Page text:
Mitochondrial aging (was Re: Ageing in yeast)

Robert Bradbury rbradbur at
Fri Jun 4 15:22:22 EST 1993

In article <Pine.3.07.9305280832.H9641-c100000 at csuvax1> cummins at CSUVAX1.MURDOCH.EDU.AU (Dr Jim Cummins) writes:
>There's currently a lot of interest in the role of mitochondrial DNA
>deletions in ageing phenomena.  mtDNA deletions occur much faster than in
>somatic DNA (in eukaryotic organisms) and accumulate preferentially in
>postmitotic cells such as muscle and brain.  The end result is disorded
>oxidative phosphorylation and spin-off of free radicals.  It's possible
>that individual yeast cells might age but the colony as a whole survives
>through mitosis and the selective elimination of cells with defective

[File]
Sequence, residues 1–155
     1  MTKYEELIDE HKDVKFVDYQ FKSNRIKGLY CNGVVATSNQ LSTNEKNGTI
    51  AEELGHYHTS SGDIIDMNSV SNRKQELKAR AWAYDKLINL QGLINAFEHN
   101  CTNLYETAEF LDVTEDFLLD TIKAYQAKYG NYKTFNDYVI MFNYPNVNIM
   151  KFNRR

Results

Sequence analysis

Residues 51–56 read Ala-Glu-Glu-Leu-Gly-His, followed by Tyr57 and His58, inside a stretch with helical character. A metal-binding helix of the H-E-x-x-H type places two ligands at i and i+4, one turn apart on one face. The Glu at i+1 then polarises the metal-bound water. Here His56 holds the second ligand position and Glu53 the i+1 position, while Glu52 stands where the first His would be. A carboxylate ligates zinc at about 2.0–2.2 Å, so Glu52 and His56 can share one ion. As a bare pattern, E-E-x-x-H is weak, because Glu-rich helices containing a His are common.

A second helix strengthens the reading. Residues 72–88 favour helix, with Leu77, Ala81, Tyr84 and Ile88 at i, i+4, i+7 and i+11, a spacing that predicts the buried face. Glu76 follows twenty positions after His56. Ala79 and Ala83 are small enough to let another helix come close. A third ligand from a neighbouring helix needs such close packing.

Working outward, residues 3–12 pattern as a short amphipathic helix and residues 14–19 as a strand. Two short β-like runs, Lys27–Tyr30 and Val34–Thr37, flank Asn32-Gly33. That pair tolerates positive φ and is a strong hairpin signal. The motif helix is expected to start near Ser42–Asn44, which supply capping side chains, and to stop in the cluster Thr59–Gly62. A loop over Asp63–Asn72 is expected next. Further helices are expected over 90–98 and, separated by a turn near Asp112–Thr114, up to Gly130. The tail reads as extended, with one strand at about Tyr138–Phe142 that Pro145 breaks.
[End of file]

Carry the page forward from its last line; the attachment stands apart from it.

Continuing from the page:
>mitochondria?  Just one idea. 

The articles I've seen on mitochondrial deletion accumulation/genetic
defects indicate that the effect is very small (1-2% of mitochondrial
genomes are defective).  Given cells contain 200-700 mitochondria
I have a very difficult time accepting the idea that a few defective
genomes causing the problem.  Additionally the aging "phenotype"
does not appear to be the same as that of people with genetic diseases
of the mitochondria which usually show up as heart/muscle disorders.

To think of it as part of the the aging process makes sense because
the deletions do accumulate/accelerate with age.  However to consider
it a major player seems a bit of a stretch.

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